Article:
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The right to self-defense when you're being attacked

If you're accused of assault or other violent crimes, one of the defenses you can use is the defense of self-defense. It's accepted by most people that if you're being attacked, you have a right to defend yourself. The way you act in defense of yourself may be illegal, but if it's necessary, then the law may not penalize you.

Here's an example. If you're at home when a person breaks in and attacks you, you may try to flee. When you can't get away, you hide. When the person finds you and attempts to injure you, you use the gun you were holding to shoot him or her. At that point, you had attempted to flee, escape and stay away from the attacker, but you had no other option but to attack to protect yourself.

In general, self-defense laws allow you the right to prevent suffering by defending yourself with an equal or sufficient amount of force or violence. This can become complicated, especially if the defense and prosecution has a different idea of what constitutes a sufficient amount of force.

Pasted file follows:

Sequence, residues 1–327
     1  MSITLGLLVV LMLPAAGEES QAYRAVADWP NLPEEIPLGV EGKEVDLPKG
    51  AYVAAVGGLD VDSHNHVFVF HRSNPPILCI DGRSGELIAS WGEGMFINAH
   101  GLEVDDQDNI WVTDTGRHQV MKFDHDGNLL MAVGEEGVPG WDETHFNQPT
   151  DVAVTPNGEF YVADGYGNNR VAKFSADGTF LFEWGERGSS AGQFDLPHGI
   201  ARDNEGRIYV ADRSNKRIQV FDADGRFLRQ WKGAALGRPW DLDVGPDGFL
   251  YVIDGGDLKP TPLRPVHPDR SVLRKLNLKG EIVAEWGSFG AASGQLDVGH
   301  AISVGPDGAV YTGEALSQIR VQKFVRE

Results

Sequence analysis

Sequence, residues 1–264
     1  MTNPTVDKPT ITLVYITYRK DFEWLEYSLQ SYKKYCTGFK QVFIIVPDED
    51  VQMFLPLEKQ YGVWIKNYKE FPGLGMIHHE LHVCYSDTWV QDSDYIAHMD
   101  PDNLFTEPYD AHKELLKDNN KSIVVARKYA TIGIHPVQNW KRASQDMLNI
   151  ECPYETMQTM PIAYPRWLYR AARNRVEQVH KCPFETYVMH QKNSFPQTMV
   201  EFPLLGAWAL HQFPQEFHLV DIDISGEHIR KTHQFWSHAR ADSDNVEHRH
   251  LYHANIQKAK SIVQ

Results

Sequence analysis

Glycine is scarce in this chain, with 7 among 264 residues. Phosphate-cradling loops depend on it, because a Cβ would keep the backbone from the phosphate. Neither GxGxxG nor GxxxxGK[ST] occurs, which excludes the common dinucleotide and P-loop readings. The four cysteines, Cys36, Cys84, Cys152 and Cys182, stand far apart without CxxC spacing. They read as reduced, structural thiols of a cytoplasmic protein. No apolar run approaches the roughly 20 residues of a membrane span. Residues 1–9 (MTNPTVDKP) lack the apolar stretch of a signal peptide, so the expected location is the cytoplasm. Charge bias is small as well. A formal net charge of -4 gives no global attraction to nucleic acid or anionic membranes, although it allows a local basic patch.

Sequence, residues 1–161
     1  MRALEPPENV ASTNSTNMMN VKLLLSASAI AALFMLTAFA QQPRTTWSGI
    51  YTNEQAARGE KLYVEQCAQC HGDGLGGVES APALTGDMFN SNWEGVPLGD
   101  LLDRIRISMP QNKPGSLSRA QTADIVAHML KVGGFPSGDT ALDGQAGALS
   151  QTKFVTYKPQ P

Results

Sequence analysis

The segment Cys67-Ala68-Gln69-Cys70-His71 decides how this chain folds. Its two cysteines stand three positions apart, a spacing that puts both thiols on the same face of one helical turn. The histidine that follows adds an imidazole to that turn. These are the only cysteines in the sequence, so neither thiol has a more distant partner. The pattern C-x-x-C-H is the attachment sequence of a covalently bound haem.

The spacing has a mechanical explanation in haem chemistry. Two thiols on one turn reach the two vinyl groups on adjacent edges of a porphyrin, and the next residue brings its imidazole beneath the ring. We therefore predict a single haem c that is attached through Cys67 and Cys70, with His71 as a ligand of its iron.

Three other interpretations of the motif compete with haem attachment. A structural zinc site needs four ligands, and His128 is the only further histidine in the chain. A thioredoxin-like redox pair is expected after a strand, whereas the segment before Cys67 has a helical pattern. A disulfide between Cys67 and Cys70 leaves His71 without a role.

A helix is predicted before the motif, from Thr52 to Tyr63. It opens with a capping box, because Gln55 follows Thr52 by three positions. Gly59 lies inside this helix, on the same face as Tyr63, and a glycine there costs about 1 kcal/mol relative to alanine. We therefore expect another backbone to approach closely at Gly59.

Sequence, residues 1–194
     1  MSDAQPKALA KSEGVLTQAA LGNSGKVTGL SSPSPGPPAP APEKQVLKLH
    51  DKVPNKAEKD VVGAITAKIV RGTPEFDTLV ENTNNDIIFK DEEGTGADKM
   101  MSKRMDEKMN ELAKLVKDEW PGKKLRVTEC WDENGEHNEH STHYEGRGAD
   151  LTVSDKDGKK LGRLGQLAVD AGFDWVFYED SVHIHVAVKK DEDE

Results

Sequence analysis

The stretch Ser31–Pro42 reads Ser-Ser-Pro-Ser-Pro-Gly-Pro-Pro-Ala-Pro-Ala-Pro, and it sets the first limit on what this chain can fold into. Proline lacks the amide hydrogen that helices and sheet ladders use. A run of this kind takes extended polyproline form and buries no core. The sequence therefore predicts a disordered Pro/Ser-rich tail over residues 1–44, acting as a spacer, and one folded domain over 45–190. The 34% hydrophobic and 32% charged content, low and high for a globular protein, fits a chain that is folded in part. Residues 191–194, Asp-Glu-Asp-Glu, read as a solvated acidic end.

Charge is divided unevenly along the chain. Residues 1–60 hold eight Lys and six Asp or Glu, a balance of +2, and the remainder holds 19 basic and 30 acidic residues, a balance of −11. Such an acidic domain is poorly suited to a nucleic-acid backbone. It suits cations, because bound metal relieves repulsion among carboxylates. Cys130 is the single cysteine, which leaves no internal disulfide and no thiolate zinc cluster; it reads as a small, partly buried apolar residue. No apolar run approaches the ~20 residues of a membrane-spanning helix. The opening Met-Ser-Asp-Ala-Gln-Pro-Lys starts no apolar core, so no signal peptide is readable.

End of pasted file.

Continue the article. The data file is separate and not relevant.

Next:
For instance, if you are being kicked by a person in the street, an equal or sufficient amount of force might be to kick that person back, to throw him or her or to punch that person. Would using a gun to shoot that person be equal or sufficient? Each case is different, and some might think that you used too much force and should be penalized for it.

Generally speaking, if you are responding to an immediate threat, you should be able to protect yourself without the fear of criminal consequences. If you are being prosecuted after defending yourself, your attorney can help.

Source: FindLaw, "Self-Defense Overview," accessed April 18, 2017

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